I’ve been a feminist all my life, although I didn’t use the term much until I went to college and joined the campus feminist group. I always bristled at the idea that girls couldn’t do certain things like wear pants to school. It wasn’t until sixth grade in 1971 that we girls challenged that ridiculous rule—and won. I reject the idea that people are divided into only two gender groups with rigid demarcations that privilege one group over the other. What was called the women’s liberation movement of the 1960s and 70s made incredible strides in this country to eliminate gender bias and the women of my baby boomer generation grew up benefiting from that activism. We shouldn’t take any of those gains for granted and we still have a long way to go in areas like gender-based violence, reproductive rights, and wage equity, but I don’t think we’ll go back to days of women’s second-class status because we’ve experienced what gender equality provides for families, employers, and in governance. I taught women’s studies for many years, incorporating service learning community projects in areas of women’s health, labor, and education. I especially loved teaching women’s literature classes because of all the great books with strong female protagonists as empowering role models.
Certainly one area impacted by feminist change is agriculture, where women have become actively involved as farm owners, managers, and marketers. The return to smaller-scale farms and organic methods in particular has attracted women to farming. I’m not the one who drives the tractor on our farm—although many women do—but I am usually respected for my farming expertise. Sometimes the older, conventional male farmers will look right past me to John in meetings but in the CSA and organic fields, we’re generally treated as equal farming partners. Having come from a farming family, I’m proud that agriculture is becoming open to women in all levels of participation.
ABW has a lot of music in it—could you tell us more about your musical background and taste?
I grew up in a family that loved listening to music. My Grandpa Smith would rock me to sleep with songs like “I’ve Been Working on the Railroad,” “She’ll Be Comin’ Round the Mountain,” and “You Are My Sunshine” and my Grandma Smith could dance an Irish jig upon request, so those old tunes are in my blood. With the exception of my aunt Lola, who played a rollicking accordion and piano, my family listened to music more than performed it. In elementary school, I was lucky to have a wonderful music teacher, Mrs. Mickens, who not only taught us the fundamentals but organized elaborate all-school music programs. My parents bought an old piano when I was in second grade and I took lessons through high school, but in our school district, we had to wait until fourth grade to start an instrument in school. At first I thought about playing the flute, but Mrs. Mickens thought I could be a violinist and I’m glad she did. I took private lessons all through school from her husband, Mr. Mickens, a beloved musician who was head of the string department at the University of Northern Colorado and the concertmaster of the Greeley Philharmonic and Ft Collins Symphony orchestras. When I went to college at CSU, Mr. Mickens helped me tape (on reel to reel) an audition that earned me a music scholarship. That paid my tuition for four years in exchange for playing in the chamber and symphony orchestras. After I graduated, I played in the Ft. Collins Symphony, sitting with Mrs. Mickens, which was always a lot of fun. I also taught Suzuki violin for a few years when my daughter was young.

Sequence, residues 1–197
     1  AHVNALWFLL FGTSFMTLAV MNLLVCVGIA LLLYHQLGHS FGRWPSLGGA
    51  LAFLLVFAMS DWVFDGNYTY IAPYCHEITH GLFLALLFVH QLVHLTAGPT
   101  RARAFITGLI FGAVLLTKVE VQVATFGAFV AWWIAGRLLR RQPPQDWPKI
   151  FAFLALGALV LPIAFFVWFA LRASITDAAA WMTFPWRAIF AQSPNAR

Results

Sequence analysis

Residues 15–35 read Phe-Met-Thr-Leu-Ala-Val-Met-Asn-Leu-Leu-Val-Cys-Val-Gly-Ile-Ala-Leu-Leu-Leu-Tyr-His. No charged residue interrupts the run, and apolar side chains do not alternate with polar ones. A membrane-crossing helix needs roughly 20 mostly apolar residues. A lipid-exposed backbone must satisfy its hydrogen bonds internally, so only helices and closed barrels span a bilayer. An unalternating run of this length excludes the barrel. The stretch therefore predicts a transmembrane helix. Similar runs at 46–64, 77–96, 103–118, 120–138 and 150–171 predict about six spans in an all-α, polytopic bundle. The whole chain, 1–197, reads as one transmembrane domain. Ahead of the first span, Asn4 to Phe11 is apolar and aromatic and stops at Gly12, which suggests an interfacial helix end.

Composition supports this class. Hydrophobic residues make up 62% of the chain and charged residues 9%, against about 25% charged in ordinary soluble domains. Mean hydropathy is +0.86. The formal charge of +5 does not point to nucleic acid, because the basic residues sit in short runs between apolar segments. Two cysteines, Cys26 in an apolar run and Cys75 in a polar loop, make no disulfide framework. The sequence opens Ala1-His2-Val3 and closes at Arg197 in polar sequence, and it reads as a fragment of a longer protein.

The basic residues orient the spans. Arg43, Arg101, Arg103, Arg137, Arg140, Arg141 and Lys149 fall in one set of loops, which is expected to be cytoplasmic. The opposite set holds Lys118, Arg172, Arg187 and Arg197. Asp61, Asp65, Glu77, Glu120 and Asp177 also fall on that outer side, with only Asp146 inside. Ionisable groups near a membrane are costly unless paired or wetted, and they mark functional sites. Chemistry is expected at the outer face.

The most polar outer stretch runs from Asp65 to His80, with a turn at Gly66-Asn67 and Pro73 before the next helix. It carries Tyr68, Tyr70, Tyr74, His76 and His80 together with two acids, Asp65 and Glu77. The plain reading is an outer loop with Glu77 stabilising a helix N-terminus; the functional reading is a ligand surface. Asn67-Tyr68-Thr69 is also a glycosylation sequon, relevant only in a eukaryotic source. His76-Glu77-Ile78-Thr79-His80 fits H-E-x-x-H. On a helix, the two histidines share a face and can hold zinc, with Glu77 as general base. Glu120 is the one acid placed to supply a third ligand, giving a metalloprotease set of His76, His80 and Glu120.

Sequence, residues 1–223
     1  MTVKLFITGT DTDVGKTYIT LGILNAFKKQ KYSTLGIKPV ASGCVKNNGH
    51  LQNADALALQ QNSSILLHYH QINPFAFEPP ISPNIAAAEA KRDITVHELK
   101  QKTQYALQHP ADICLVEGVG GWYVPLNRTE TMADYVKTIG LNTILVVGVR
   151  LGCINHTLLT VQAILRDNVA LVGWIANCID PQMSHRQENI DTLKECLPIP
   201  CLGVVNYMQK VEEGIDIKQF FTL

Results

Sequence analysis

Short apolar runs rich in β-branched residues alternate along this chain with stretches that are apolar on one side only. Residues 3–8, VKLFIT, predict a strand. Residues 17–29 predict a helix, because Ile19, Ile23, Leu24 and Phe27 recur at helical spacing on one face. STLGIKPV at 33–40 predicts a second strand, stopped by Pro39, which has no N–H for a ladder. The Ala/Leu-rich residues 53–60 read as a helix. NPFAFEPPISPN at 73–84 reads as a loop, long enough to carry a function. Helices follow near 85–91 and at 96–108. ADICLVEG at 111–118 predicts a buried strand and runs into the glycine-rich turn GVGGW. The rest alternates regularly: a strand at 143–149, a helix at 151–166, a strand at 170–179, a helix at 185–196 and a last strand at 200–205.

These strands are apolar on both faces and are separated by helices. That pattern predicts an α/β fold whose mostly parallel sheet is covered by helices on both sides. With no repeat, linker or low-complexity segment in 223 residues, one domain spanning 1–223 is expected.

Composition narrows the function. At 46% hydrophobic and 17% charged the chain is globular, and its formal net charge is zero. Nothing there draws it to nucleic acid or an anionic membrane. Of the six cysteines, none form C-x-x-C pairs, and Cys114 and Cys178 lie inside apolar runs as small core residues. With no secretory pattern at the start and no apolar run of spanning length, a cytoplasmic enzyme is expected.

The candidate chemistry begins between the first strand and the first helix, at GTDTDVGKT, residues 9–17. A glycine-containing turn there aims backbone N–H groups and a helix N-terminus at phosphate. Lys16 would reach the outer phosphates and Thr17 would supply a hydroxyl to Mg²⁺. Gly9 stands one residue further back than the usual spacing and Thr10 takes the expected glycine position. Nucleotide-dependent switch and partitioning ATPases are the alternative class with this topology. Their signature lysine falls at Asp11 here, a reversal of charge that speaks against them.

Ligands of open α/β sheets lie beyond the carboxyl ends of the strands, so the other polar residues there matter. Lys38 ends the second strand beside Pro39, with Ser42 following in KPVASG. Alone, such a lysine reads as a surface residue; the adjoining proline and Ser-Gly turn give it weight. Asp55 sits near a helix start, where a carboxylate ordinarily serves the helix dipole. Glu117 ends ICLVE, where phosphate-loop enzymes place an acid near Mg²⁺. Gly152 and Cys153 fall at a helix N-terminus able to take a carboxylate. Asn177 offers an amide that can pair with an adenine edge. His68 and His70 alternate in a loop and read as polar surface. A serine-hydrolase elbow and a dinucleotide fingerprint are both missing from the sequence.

Years later, I’ve taken up mandolin, but I’d call myself a semi-competent player rather than a true musician like our farmmate Joe Kuckla and the many other fine singer/songwriters and instrumentalists in our community. As for taste, I tend to listen to musicians with their feet in folk like Emmy Lou Harris, Gillian Welch, and Bob Dylan, but I love to play old-time music because it takes me back to my roots. Now I sing those old songs to my grandson, making up new lyrics like “We’ll all feed the chickens when she comes, peck, peck!”
If I wanted to write my own ecobiography, what’s the first question I should ask myself?